Salient. Victoria University Student Newspaper. Volume 33 No. 11. 22 July 1970
Letters to the Editor
Letters to the Editor
It appears that one thing the author of your article in Salient regarding the Exclusive Brethren failed to understand, was the fact that many of the beliefs upheld by the Exclusives are not peculiar to them alone, but are basic, fundamental truths of the whole of Christianity. By attacking them, the author is attacking Christianity itself. This is something that no truly born-again believer, be his denomination Baptist, Anglican or Brethren, can suffer.
Christ's teaching regarding the Womans subjection to the Man, Women teaching in the Church, and prayer and fasting is not teaching for the benefit of Exclusives alone, but for all followers of Christ. Why then, attack only Exclusives for this? It isn't their teaching, it's Christ's teaching. It is not held merely by the Exclusive Brethren alone, but by all Christians everywhere.
I quote from the Article: "There is, in most Exclusives, an unshakeable conviction in the After-Life and Day of Judgement." Is this conviction of an After-Life and Day of Judgement held only by Exclusives? Most definitely it is not. The fact that there is an After-Life and a Day of Judgement is fundamental to the whole of Christian belief. If it is true that man is born, and lives his life here on earth, and then just returns to dust again, what is the purpose of his living? Why has man even got a conscience towards God? And most important of all, why was it necessary for the Son of God to become man and die at the hands of men for our sins? Take away God and one takes away the purpose of Man's existence. Christ's coming is more than a belief, it is a fact. We know not the day nor the hour, but we know it will come. The longer we wait, the closer is His return. "A day is with the Lord as a thousand years, and a thousand years as one day. The Lord is not slack concerning his promise as some men count slackness, but is long suffering towards us, not willing that any should perish, but that all should come to repentance." (II Peter, 3 v 8-9.)
I have read with great distaste Cecily Pinker's article on so-called Exclusive Brethren. My object in writing is two-fold: I wish for my own part, and I know on behalf of the great majority of those who for conscience sake have left the Exclusive Brethren, to dissociate myself and them entirely from the sentiments expressed in this deplorable article.
Next I would point out that when carefully studied this article is not an attack on Exclusive Brethren at all, but on Christianity itself—on much that is held in reverence by Christians in many denominations. Indeed the Bible itself is ridiculed and Miss Pinker declares, as plainly as she may, that she is not a Christian.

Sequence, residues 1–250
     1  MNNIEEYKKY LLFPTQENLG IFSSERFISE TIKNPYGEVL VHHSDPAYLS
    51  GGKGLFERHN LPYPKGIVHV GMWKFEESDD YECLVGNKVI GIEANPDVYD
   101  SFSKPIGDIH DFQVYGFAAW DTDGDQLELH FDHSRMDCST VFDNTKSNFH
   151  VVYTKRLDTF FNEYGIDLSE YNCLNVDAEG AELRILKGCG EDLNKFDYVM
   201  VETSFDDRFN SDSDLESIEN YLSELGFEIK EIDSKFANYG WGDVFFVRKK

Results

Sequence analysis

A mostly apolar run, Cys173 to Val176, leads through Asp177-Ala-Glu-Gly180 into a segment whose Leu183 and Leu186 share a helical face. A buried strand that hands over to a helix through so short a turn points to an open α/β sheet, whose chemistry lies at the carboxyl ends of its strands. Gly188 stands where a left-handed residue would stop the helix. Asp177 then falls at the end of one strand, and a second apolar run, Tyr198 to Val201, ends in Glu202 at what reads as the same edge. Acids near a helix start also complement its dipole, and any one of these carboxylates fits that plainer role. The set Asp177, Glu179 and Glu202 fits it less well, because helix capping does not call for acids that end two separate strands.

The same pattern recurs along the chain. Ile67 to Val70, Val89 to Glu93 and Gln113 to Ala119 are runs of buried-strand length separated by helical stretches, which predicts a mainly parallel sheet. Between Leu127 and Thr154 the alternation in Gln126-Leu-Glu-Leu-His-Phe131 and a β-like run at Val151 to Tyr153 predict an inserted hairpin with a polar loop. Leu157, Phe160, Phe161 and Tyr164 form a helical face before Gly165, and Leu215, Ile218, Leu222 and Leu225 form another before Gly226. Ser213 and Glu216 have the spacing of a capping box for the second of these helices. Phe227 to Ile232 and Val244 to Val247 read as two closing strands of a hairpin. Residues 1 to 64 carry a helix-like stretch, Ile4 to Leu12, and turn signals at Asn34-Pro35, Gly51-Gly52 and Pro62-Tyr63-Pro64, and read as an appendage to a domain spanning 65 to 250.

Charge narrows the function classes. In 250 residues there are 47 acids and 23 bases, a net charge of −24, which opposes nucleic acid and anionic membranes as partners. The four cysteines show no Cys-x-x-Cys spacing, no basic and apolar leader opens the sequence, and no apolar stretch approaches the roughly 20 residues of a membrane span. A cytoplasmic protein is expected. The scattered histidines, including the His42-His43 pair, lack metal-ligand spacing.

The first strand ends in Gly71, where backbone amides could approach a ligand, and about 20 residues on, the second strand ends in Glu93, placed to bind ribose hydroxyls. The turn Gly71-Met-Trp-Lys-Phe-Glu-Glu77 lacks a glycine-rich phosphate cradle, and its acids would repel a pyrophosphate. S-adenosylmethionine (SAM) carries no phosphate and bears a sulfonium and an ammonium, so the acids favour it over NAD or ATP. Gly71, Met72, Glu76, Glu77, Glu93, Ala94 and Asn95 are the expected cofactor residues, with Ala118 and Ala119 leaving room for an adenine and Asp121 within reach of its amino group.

Furthermore, this article is full of inaccuracies, contradictions, uninformed criticism, and vitriolic effusion. The entire reason underlying the Brethren's sad decline has been entirely missed.
I do not know Miss Pinker personally, and bear her no ill-will, but I much regret her action in writing this article and yours in giving so large a space to it.
Thank you for yet another worthwhile issue of Salient. Your series of long articles on such things as pop music, minor political parties and, now, the Exclusive Brethren is proving informative and entertaining.
I would like in particular to compliment Cecily Pinker on her excellent article on the Exclusive Brethren, I remember the general press barrage against the sect around 1960. Her article was by far the best I have read on this topic.
I am sorry I did not know of your intention to publish my talk to the A.U.T. seminar, since I should have been glad of the opportunity to correct an error in the cyclostyled text.
In it (third paragraph of the Salient version), reference was made to the "demise of Bologna". The University of Bologna has not perished of course (and indeed has a long and distinguished history). What perished was the early structure in which the students elected their own governing body. I apologise for failing to note that I had dropped a line of the manuscript in transcribing to the final draft. The only extenuating circumstances in this piece of carelessness is the fact that the remark was purely parenthetical and is unimportant to the development of my main argument.
"P," as in "craP"
|1.||There have been three performances of Earth and Sky and four more are projected. Seven may not be many but it is certainly several.|
|2.||My name is spelt with a "p".|
|3.||It was more difficult to record and edit three live performances than to record in a studio.|
Mr Smalley can have had little experience of working with children if he thinks that spontaneity could be maintained over a 2-day recording session.
Everyone else who has heard the discs, including Miss McLeod, has commented on the effectiveness of the stereo. Perhaps Mr Smalley's radiogram needs attention?
Finally I can assure composers that, should we record their works, they will not necessarily need to be photographed with the Queen and it will certainly not be mentioned in any biography, just as it was not in Miss McLeod's.